I shall speak briefly to my specific amendments. Amendments Nos. 146B and 148A remove the straitjacket. Amendments Nos. 146C, 148B and 149A give flexibility guidance. That is what the Minister of State said he wanted, yet the Minister, faced with something that has existed since Elizabethan times, said, "No way." How do we reconcile that? I beg to move.

The Chairman of Committees (Lord Boston of Faversham): As Amendment No. 149A is also being spoken to, I should point out to the Committee that if that amendment were agreed to I could not call Amendments Nos. 150 to 152.


Lord Whitty: I regret that we cannot accept these amendments. If they were carried they would delete Schedules 11 and 12 which are important provisions on the way in which we give statutory backing to the government of schools.

The noble Lord, Lord Pilkington, appears to believe that we are engaged in over-bureaucracy and over-regulation, but it is not our intention to provide a straitjacket which could tie the hands of governing bodies unnecessarily. School governors are corporate institutions with their own legal identity and that has always been the case. It is essential that their constitution has legislative backing. That backing is provided for in Schedule 12 to the Bill, which works together with Schedule 9.

We have slimmed down the contents of the instrument of government to the bare essentials. The instrument of government will be a brief factual document setting out the school's name, category of school, categories and numbers of governors and the names of the appointing authorities. We do not intend to go further than that, except that schools with a religious character will be required to include an ethos statement. We regard this as the minimum content for the instrument of government to ensure that there are no difficulties or ambiguities in the membership or constitution.

My understanding of the position with reference to Stephen Byers' comments, although I have not managed to check the context in the last three minutes, is that the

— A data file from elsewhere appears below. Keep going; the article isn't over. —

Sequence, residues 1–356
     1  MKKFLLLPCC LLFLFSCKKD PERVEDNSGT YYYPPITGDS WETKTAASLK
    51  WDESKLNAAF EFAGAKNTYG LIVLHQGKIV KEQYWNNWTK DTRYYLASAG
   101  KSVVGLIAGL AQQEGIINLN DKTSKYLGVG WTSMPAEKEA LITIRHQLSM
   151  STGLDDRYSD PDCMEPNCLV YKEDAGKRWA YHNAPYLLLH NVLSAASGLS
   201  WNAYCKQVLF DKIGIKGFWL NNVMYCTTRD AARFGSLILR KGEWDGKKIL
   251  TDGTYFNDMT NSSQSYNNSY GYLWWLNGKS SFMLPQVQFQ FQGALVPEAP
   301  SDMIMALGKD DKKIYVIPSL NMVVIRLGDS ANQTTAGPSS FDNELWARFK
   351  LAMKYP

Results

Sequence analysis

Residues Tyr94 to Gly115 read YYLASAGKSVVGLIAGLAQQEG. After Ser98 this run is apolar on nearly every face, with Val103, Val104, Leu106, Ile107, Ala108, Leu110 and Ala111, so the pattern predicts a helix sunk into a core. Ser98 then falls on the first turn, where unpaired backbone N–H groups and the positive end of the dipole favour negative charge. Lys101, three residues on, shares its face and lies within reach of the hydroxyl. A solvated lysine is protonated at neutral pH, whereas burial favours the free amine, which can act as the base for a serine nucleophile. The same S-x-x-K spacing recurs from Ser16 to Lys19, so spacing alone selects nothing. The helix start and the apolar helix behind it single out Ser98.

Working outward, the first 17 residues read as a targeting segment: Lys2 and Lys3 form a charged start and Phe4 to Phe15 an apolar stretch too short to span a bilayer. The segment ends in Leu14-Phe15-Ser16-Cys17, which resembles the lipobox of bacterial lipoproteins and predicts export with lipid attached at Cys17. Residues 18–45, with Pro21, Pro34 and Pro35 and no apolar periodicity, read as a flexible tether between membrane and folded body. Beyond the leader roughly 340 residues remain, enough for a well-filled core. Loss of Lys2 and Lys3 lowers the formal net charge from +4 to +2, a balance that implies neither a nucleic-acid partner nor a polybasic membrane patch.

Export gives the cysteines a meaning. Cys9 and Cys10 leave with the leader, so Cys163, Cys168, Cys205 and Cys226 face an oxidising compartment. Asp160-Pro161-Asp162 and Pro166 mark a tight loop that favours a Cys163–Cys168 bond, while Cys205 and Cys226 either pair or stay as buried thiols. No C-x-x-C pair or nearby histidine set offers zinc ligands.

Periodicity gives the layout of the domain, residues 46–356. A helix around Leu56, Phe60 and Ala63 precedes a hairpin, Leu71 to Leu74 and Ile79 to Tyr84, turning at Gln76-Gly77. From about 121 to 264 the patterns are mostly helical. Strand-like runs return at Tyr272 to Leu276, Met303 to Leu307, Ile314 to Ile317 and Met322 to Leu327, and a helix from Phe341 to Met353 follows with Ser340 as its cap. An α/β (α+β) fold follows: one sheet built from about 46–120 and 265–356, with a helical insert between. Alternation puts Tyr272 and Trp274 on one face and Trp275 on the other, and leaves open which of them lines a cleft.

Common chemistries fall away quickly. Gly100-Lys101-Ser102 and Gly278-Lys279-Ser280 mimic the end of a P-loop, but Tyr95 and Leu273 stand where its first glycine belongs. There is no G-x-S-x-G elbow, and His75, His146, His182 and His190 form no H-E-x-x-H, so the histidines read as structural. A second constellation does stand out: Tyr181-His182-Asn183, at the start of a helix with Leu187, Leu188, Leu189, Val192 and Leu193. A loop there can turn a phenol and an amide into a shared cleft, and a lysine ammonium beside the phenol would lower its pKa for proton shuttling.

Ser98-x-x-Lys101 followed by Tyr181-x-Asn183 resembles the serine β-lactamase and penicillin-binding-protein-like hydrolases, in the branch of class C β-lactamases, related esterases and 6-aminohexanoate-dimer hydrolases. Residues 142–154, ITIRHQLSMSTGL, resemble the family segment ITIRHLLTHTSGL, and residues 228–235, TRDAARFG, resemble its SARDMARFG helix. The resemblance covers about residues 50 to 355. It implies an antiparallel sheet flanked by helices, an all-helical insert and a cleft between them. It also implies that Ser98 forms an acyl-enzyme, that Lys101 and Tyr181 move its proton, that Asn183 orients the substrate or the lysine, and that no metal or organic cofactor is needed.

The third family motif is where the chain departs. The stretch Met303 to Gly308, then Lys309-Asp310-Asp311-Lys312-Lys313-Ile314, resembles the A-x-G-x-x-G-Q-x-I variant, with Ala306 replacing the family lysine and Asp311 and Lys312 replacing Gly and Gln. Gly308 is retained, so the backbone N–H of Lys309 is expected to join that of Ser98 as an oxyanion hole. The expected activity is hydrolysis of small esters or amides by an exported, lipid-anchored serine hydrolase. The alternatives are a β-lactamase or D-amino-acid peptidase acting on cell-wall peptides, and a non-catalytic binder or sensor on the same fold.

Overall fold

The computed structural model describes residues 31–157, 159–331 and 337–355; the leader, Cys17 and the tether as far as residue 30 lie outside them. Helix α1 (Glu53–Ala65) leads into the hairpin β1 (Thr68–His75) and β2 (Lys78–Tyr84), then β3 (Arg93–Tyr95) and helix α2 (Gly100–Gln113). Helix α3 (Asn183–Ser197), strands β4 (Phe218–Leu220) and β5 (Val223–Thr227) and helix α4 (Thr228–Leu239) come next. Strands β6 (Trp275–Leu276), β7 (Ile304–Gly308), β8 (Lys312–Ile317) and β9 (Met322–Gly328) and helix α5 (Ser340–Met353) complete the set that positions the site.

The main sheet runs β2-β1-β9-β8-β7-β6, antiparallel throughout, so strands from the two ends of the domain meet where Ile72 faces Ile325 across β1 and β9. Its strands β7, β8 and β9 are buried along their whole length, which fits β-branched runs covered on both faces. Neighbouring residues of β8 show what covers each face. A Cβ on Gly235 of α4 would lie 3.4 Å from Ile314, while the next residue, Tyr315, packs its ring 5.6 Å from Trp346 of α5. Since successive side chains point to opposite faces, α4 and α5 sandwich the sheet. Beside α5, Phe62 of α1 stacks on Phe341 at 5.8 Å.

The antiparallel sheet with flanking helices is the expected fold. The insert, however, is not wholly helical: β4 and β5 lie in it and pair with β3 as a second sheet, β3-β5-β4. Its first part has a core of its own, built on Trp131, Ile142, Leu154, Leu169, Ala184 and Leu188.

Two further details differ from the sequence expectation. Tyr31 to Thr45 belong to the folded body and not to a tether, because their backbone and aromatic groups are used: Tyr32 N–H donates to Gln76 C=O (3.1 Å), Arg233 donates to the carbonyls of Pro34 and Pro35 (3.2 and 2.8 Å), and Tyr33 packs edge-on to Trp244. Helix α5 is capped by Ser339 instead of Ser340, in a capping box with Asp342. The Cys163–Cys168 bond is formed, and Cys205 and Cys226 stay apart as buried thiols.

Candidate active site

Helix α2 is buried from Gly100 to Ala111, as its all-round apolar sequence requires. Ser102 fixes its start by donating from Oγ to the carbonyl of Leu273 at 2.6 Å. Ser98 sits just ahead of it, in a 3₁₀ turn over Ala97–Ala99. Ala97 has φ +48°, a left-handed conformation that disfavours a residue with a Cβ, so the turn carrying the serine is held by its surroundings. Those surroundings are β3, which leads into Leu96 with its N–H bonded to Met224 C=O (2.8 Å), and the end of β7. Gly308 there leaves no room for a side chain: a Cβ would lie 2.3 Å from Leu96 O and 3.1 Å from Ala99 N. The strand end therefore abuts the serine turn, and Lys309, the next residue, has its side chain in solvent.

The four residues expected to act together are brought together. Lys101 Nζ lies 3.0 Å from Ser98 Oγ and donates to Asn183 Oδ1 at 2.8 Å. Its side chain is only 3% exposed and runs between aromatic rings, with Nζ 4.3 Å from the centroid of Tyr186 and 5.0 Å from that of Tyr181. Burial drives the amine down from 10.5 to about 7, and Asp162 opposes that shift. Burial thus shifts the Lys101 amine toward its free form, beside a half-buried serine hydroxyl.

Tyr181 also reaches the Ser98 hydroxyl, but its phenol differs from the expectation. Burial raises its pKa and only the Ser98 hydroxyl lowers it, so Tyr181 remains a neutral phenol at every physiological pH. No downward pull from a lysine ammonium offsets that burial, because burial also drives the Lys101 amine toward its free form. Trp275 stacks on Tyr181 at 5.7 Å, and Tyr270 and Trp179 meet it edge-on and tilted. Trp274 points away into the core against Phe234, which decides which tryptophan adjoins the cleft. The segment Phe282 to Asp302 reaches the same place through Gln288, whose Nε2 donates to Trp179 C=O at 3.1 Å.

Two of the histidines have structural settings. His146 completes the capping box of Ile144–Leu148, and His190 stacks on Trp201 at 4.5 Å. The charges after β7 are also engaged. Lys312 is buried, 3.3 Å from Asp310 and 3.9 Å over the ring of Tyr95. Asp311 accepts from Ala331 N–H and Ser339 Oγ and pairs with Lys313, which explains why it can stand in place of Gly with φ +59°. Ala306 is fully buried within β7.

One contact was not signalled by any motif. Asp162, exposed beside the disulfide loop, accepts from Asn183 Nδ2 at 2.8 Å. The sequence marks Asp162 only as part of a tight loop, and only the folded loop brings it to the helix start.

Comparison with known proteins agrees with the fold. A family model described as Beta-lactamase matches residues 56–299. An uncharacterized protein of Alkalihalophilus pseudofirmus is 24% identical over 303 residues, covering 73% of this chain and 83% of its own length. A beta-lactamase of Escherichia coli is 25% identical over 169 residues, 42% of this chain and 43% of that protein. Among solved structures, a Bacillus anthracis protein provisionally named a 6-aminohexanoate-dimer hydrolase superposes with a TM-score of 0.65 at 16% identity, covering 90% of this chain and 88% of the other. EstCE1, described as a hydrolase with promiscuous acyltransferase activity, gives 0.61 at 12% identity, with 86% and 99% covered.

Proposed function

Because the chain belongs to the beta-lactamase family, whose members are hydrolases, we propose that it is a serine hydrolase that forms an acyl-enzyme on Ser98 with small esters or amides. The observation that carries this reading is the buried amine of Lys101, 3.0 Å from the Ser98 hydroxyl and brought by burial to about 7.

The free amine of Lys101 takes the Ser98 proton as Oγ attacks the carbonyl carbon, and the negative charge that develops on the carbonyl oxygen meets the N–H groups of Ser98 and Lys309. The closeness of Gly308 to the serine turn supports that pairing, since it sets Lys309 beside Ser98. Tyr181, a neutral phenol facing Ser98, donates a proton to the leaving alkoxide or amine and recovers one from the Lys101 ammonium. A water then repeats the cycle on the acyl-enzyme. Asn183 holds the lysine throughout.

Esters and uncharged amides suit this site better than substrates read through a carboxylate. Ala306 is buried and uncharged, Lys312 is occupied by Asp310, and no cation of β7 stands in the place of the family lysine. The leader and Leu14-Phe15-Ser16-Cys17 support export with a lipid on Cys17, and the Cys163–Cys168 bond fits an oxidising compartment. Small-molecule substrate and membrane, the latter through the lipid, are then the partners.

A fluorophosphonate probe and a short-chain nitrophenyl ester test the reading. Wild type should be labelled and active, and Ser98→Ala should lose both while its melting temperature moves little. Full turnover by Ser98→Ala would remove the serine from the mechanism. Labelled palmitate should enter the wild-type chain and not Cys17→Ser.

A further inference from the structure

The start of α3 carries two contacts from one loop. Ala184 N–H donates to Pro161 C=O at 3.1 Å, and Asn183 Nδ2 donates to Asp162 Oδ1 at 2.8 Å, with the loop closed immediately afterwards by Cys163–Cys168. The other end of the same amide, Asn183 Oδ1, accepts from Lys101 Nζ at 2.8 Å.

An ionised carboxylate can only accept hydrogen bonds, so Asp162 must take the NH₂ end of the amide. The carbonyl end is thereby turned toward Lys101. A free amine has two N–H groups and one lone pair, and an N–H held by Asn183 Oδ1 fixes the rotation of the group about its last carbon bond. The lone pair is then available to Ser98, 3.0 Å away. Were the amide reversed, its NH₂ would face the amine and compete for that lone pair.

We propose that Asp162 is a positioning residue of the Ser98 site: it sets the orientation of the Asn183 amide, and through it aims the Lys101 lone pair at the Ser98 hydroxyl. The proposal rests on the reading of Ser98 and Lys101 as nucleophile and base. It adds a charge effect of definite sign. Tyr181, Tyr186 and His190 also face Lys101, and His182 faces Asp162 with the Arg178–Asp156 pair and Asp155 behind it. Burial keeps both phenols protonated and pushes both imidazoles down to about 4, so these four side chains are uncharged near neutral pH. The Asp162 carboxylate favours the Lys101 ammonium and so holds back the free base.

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provisions which we laid down by statute are the core of the instrument of government, but we specify that schools are otherwise able, provided they meet those core requirements, to regulate their own proceedings. There is, therefore, no contradiction between what we are proposing in these clauses and schedules and what the Minister of State said in another place.

This legislation does, however, abolish the old articles of government. The present position is that these articles govern the way that each school should be conducted, including the respective roles, responsibilities and functions of the governing body and head teachers in certain key areas.

It is essential that there should be a clear understanding on these issues. That is why we shall be addressing them in primary legislation and in the regulations under Clause 37. It is also our intention to issue guidance on these matters. But they cannot be left--as the amendment would suggest--to guidance alone which would have no statutory force. Nor, in our view, given the range and types of school and the lack of uniform experience of governing bodies and of head teachers, do we feel it would be appropriate to go down the path of a formal code of conduct for governing bodies, as has been suggested.

The abolition of articles of government is not primarily a deregulation mechanism, although in a sense it is. It is a modernising one. The provisions currently within articles will be applied directly through primary and secondary legislation. To replicate such legislation in the form of articles, school by school, has proved unworkable and unnecessarily bureaucratic. We believe that abolishing articles of government as a consequence of the new framework will simplify the system of governance for all schools and not put it in a straitjacket.

In future there will be no ambiguity. Schools will rely on what is set out in the primary or secondary legislation and they will have their own instruments of government. These proposals have been widely welcomed by the local education authorities who, in practice, currently carry the main burden of amending school articles of government to conform to successive batches of new legislation, which is wasteful and ties up LEA and school resources which could more profitably be used

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on other things. The abolition of articles of government, therefore, is a tidying up measure which frees school resources.

If these amendments were carried and the schedules, to a large extent at least, fell, the statutory backing for the instruments of government would fall. And if we were to drop the proposal to require articles of government school by school, the local education authorities in schools would continue to face a substantial bureaucratic burden, which would be unnecessary.

But we do build in the flexibility to which my honourable friend Stephen Byers referred in that schools can add to the core content of the instruments to meet their own particular circumstances. I hope that clarifies the position.